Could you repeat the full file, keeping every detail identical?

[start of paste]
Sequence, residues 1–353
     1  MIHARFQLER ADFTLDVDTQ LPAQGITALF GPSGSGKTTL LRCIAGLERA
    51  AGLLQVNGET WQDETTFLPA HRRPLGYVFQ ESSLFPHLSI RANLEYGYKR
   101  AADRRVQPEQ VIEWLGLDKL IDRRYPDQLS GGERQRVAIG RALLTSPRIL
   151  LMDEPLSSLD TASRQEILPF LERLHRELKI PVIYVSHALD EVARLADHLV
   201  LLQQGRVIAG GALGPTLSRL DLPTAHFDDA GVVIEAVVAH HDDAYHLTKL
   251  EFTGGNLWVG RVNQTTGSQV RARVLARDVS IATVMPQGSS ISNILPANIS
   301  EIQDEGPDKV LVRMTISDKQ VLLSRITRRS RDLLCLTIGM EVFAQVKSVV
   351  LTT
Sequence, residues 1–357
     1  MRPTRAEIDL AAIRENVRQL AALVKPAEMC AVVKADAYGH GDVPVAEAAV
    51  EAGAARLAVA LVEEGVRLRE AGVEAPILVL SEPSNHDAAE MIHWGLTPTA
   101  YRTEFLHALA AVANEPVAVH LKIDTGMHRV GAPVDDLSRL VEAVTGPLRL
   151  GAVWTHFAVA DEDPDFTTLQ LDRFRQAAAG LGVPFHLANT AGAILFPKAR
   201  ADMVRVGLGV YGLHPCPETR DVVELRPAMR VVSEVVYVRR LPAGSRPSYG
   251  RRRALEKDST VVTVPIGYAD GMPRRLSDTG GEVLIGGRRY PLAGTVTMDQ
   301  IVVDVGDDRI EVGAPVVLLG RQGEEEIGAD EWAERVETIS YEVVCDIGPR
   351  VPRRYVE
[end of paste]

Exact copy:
Sequence, residues 1–353
     1  MIHARFQLER ADFTLDVDTQ LPAQGITALF GPSGSGKTTL LRCIAGLERA
    51  AGLLQVNGET WQDETTFLPA HRRPLGYVFQ ESSLFPHLSI RANLEYGYKR
   101  AADRRVQPEQ VIEWLGLDKL IDRRYPDQLS GGERQRVAIG RALLTSPRIL
   151  LMDEPLSSLD TASRQEILPF LERLHRELKI PVIYVSHALD EVARLADHLV
   201  LLQQGRVIAG GALGPTLSRL DLPTAHFDDA GVVIEAVVAH HDDAYHLTKL
   251  EFTGGNLWVG RVNQTTGSQV RARVLARDVS IATVMPQGSS ISNILPANIS
   301  EIQDEGPDKV LVRMTISDKQ VLLSRITRRS RDLLCLTIGM EVFAQVKSVV
   351  LTT
Sequence, residues 1–357
     1  MRPTRAEIDL AAIRENVRQL AALVKPAEMC AVVKADAYGH GDVPVAEAAV
    51  EAGAARLAVA LVEEGVRLRE AGVEAPILVL SEPSNHDAAE MIHWGLTPTA
   101  YRTEFLHALA AVANEPVAVH LKIDTGMHRV GAPVDDLSRL VEAVTGPLRL
   151  GAVWTHFAVA DEDPDFTTLQ LDRFRQAAAG LGVPFHLANT AGAILFPKAR
   201  ADMVRVGLGV YGLHPCPETR DVVELRPAMR VVSEVVYVRR LPAGSRPSYG
   251  RRRALEKDST VVTVPIGYAD GMPRRLSDTG GEVLIGGRRY PLAGTVTMDQ
   301  IVVDVGDDRI EVGAPVVLLG RQGEEEIGAD EWAERVETIS YEVVCDIGPR
   351  VPRRYVE